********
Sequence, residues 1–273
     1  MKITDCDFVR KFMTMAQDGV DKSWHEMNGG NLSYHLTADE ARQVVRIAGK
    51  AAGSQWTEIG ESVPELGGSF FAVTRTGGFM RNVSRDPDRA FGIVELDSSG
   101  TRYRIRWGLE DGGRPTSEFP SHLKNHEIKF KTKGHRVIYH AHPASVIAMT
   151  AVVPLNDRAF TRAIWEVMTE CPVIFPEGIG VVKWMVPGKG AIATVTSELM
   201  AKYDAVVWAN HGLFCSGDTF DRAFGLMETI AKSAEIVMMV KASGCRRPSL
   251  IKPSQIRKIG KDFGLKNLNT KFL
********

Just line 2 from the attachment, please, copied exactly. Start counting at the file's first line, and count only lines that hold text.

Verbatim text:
     1  MKITDCDFVR KFMTMAQDGV DKSWHEMNGG NLSYHLTADE ARQVVRIAGK